It might be argued that my friend's crossing occurred before the current era of hyper-surveillance at the border, but looked at from another vantage, his technique indicated that with increased enforcement, poor migrants would be inspired to innovate. Since reuniting with my surfer friend, I've been fascinated by techniques all classes of migrants use to evade detection and game the border: in little submarines, homemade boats, and the trunks of cars. Through tunnels, culverts, and sewage pipes. With ladders of wood, rope, or people. On Jet Skis, on horses, on bicycles.
And here's what I've learned: Methods for crossing are most often shaped by the very defenses erected to stop crossing in the first place.
The history of crossing without documentation begins, of course, with walking. Father Junipero Serra, the founder of California's Spanish mission system, passed from Baja California, the northwestern-most state of Mexico, into Alta California through canyons that are used by smugglers to this day.
And yet, trekking through the borderlands is still a complex, dangerous, and, in some instances, surprisingly inventive enterprise. To interdict foot traffic, Border Patrol now makes use of laser trip wires, seismic sensors, infrared cameras, and non-lethal drones equipped with technology developed to detect insurgents in the caves of Afghanistan. But one of the strongest tools in the Border Patrol's arsenal is one of the oldest: "sign cutting."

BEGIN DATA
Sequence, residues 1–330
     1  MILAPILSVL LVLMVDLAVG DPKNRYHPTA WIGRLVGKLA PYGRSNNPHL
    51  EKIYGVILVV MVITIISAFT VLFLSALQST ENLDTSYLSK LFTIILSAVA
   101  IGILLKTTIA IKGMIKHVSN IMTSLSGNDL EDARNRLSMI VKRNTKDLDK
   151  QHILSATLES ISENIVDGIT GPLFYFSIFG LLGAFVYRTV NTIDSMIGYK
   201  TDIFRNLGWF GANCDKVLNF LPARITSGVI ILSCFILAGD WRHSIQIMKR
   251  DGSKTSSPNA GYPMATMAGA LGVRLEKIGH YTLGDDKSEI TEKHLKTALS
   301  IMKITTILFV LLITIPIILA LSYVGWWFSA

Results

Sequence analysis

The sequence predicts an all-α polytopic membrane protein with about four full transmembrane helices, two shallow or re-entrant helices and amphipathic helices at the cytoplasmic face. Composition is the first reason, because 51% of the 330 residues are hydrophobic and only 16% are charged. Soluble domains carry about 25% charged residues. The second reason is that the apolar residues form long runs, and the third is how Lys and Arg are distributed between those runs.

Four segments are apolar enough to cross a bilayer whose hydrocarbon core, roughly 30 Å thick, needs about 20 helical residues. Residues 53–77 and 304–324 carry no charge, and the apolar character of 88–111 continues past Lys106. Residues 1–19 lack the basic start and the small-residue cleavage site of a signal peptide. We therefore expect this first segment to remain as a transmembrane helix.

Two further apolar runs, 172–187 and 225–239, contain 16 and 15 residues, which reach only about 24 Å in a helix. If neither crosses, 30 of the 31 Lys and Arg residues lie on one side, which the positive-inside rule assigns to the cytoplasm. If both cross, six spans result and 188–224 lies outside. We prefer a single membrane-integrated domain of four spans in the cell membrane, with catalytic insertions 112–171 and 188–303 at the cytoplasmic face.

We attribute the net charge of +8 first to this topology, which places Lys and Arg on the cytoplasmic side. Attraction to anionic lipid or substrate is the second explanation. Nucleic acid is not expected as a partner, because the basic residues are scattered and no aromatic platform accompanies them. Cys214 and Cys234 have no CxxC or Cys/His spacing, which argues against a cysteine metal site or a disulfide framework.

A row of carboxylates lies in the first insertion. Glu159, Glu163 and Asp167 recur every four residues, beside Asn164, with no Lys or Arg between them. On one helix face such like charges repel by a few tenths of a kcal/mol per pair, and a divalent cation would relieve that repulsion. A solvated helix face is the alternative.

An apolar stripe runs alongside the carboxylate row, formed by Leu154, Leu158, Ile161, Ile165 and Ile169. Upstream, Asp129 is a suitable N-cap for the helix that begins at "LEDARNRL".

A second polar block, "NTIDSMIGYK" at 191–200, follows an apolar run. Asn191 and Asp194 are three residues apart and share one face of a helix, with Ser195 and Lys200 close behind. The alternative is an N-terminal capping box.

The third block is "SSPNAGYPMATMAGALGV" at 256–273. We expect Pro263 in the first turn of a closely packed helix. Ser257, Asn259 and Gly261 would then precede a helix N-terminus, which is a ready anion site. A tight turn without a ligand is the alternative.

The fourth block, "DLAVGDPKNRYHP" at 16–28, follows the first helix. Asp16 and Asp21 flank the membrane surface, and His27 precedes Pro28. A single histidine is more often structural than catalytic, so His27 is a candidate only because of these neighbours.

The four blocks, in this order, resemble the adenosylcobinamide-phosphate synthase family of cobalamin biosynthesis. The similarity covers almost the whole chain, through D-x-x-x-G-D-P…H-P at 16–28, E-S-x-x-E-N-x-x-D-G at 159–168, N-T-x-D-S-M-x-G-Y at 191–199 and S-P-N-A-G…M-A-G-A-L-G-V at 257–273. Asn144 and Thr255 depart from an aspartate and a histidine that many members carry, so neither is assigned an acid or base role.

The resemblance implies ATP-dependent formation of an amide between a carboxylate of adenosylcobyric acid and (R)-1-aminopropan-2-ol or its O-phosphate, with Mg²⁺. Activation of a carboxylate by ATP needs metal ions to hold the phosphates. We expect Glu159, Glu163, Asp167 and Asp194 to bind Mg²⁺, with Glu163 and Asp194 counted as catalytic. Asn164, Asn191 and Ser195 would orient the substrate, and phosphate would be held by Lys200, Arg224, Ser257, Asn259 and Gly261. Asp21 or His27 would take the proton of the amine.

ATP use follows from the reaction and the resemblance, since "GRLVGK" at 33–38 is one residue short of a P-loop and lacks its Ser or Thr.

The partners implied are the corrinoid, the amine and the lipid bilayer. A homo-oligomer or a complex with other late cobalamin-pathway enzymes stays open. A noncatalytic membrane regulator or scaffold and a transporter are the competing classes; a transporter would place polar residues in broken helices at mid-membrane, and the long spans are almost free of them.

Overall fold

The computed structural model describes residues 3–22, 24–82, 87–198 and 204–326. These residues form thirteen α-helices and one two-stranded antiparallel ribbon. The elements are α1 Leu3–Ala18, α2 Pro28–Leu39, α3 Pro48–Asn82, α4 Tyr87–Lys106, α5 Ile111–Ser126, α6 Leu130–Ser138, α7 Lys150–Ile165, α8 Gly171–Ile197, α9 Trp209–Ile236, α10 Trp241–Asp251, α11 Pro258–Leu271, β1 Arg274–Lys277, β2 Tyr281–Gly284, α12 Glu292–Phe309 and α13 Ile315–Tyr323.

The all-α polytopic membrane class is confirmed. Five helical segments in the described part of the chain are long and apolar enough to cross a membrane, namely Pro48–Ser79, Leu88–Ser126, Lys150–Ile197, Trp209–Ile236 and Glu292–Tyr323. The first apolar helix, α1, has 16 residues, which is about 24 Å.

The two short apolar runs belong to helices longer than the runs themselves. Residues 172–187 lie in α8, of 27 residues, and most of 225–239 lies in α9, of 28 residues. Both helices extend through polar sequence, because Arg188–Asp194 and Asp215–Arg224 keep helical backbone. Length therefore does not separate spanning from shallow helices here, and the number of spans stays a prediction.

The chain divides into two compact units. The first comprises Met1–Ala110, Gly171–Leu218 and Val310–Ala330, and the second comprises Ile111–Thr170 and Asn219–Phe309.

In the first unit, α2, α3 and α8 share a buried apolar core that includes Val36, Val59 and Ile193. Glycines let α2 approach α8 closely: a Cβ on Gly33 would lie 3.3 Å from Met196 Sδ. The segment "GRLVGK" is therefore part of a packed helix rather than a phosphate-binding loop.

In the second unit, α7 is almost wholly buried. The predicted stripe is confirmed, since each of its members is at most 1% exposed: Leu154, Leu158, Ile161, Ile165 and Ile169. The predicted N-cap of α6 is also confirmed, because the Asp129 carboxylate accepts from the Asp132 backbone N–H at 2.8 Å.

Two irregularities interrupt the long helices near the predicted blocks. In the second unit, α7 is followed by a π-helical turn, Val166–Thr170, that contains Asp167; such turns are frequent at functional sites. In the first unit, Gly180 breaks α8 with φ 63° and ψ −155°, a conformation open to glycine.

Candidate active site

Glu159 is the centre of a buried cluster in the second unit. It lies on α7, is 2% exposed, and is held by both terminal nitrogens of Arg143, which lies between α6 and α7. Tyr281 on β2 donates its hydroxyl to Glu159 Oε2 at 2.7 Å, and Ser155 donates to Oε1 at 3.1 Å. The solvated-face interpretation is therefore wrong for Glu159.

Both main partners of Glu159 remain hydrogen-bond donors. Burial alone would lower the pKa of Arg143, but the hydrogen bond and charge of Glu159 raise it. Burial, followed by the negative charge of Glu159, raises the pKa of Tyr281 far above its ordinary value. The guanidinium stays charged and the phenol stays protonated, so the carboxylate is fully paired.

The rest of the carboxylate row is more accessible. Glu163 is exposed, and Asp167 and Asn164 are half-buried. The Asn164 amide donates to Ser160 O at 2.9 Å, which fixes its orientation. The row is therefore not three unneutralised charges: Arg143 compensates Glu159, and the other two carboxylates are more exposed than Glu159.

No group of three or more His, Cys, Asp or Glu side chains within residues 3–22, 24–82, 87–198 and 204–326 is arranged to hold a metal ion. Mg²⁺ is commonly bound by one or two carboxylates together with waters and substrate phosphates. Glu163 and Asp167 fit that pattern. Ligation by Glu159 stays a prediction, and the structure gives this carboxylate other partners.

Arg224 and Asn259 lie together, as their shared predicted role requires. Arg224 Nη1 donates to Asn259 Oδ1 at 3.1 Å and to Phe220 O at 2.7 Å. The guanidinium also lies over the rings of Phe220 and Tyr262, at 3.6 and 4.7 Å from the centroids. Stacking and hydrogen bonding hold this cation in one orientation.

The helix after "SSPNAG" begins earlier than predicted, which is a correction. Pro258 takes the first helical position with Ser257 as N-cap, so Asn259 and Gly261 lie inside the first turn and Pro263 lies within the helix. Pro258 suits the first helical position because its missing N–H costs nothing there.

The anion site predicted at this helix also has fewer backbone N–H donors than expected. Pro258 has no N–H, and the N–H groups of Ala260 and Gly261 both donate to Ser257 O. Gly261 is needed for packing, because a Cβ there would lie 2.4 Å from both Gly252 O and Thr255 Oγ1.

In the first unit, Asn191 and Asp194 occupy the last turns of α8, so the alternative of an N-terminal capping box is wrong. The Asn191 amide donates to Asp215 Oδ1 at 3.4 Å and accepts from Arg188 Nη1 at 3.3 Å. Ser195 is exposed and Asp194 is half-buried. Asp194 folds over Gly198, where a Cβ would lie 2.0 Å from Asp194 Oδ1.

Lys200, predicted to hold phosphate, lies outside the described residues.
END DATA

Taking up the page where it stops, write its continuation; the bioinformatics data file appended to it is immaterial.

By assessing disturbances in the environment—footprints, broken twigs, overturned rocks—Border Patrol trackers can gather an impressive amount of information and then use it to detain crossers and charge professional guides. Smugglers understand this, and have devised techniques like strapping carpet or large blocks of foam to their feet in order to obscure impressions made by walking. In this way, specific cases can present mysteries to even seasoned trackers.
I met with one such tracking expert and, on condition of anonymity, the Border Patrol agent described a scenario that had her and her colleagues stumped for some time. In a popular corridor east of San Diego, they repeatedly came upon stretches of desert that looked as if a funnel or wind devil had set down and annihilated any trace of animal or insect traffic on the sandy floor. They knew people were crossing in this area, they just couldn't understand how the act could be accomplished without a footprint.
Eventually the agents decided to "lay in"—to hide and wait—for whatever had created this scene. At some point in the reconnaissance, the agent heard migrants coming in from the south, and then another, mechanized noise in the distant north.
"Initially, I thought it was a dirt bike because they used those in that area also," the agent said.
Even when the sound was completely audible, the agents couldn't gauge what was making it. Finally, a man hefting something sizable on his back came into view. It was a leaf blower. As those on foot walked into the US, the agent realized, the man with the blower retraced their steps, wiping out any traces of them having crossed, before disappearing back into Mexico and avoiding capture.